Since the club has been using Duplimate to prepare the hands for use on Wednesday nights many members have complained that the deals are "fixed" or "biased" to give extreme distributions. The reason that the hands are more varied than those we are used to seeing is that shuffling by any method will not truly randomise the distribution of the cards within a pack.
After seven "riffle" shuffles the pack is close to being random. In contrast, shuffling overhand is ridiculously ineffective - it can take over 20 minutes for a pack to be close to being random. Bizarrely, the switch to randomness can be abrupt. After six riffle shuffles, a pack is still visibly ordered - it is only after the seventh that it suddenly becomes random. If a pack is not shuffled effectively then it can retain information from its previous play.
The laws of bridge clearly state that the pack should be thoroughly shuffled. Unfortunately, Bridge players often do not shuffle hands enough to ensure random distributional patterns. They either make insufficient riffle shuffles or use sub-standard methods like overhanded shuffles. It has been shown that poor shuffling results in flatter hands.
The Duplimate uses a random number generator to sort the pack into the four hands for each board. The statistical tables in the The Bridge Players Encyclopedia published by Hamlyn provides the following statistically expected distributions, grouped by longest suit in balanced/semi-balanced hands to the more extreme distributions.
4-4-3-2 = 21.6%, 4-3-3-3 = 10.5%, 5-3-3-2 = 15.5% >>> Total = 47.6%
Other 5-card Hands:
5-4-3-2 = 10.6%, 5-4-3-1 = 12.9%, Any 5-5 = 4.0%, 5-4-4-0 = 1.2% >>> Total = 28.7%
Any 6-3 = 5.6%, 6-4 = 4.7%, 6-5 = 1.2%, Other 6-card hands = 4.6% >>> Total = 16.1%
Other Common Hands:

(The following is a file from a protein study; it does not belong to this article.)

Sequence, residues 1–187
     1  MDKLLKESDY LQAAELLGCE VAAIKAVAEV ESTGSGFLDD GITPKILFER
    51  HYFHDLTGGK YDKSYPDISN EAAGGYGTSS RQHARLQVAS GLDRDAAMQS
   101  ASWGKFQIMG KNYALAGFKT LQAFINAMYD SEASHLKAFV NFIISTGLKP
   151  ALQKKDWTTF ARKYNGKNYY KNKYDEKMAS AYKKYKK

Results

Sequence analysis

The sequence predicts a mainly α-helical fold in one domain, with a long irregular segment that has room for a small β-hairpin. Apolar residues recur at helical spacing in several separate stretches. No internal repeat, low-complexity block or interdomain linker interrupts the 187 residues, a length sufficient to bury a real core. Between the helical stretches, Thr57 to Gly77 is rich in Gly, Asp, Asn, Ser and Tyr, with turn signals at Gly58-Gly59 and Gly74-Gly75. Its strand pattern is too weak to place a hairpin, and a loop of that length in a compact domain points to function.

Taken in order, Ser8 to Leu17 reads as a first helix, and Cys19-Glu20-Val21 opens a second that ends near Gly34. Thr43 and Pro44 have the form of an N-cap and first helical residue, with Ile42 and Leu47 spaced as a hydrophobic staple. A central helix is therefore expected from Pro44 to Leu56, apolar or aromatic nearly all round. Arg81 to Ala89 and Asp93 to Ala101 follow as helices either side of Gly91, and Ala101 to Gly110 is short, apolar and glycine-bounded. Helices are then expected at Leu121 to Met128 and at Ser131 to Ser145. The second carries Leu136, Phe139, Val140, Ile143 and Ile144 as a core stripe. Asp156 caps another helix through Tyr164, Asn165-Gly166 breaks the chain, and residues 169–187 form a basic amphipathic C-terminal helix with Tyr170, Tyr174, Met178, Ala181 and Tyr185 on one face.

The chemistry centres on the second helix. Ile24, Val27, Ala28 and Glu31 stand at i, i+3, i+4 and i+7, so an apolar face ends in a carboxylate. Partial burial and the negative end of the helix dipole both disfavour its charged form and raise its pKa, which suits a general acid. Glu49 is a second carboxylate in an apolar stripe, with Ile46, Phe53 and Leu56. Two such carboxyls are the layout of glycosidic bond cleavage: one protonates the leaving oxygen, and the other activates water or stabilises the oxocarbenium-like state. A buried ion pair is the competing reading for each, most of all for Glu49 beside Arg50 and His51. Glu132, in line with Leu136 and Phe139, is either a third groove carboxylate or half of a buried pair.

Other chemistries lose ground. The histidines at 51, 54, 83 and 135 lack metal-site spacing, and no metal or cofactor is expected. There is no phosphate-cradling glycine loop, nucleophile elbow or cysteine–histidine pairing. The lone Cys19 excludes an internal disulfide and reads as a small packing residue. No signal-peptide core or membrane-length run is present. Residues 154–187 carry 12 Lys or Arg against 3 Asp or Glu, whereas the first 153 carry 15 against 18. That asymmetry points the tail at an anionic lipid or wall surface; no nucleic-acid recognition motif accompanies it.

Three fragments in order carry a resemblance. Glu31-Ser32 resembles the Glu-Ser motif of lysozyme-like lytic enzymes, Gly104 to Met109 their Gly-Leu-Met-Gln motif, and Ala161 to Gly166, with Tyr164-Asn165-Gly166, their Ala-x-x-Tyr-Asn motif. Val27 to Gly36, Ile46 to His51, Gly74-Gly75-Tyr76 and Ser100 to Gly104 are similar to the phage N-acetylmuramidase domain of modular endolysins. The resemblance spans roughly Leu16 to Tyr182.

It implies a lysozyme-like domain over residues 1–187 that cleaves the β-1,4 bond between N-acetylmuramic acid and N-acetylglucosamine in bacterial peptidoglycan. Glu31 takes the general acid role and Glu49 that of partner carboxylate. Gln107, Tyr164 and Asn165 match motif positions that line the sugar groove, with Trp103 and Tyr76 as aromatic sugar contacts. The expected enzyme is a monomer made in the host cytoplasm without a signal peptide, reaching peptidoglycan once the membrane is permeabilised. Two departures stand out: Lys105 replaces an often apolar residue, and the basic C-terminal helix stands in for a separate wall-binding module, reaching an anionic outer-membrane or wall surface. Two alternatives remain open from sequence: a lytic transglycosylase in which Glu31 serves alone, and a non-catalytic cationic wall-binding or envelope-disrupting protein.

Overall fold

4-4-4-1 = 3.0%, 7-card suits = 2.5%, 8-card suits = 0.4% >>> Total = 5.9%
It can be seen that this gives 98.3% of possible combinations leaving 1.7% of hands that may have really odd hands. This means, from about 100 hands on a Wednesday night session, that there will be 1 or 2 odd hands being dealt. As a player, when you only play about 25 hands in a session, you should expect to encounter a really odd hand every 2 or 3 sessions.
It has also been said that there are an unusually high number of singletons and voids, again this is due to the non-randomisation of the cards during a manual shufle. The odds against any hand holding a singleton are approximately 4:1 which means that we should expect one hand in five to contain a singleton. This means that for a normal club evening using approximately 100 hands that there should be 20 hands containing a singleton. The odds against any hand holding a void are approximately 19:1 - thus on a normal club night the expectation is that 5 hands should contain a void. As a player, playing 25 hands in a session, you should expect to have a singleton in 5 of these hands and a void in 1 of them.
On the handout available at the end of the session, there is a recap section at the end of the hands that gives the number of balanced hands; hands with voids and singletons; and hands with suits of 7+ cards - this can be used to check how close to the odds that the session has been. For example, on 25th June 2008, there was 3 voids and 23 singletons from 120 hands - this means that we had 3 voids and 1 singleton less than expected.
As with all statistical predictions they only hold true over a very large number of hands but if anyone were to check the deals over a 6 month period then the figures would be expected to be very close. I hope that these explanations allay some worries that members have about the use of Duplimate for preparing hands on Wednesday nights. It is clear that if bridge players complain about poor hands resulting from computer generated hands then this indicates that these people are used to inadequate shuffling.
Based on an article from West Sussex Bridge Club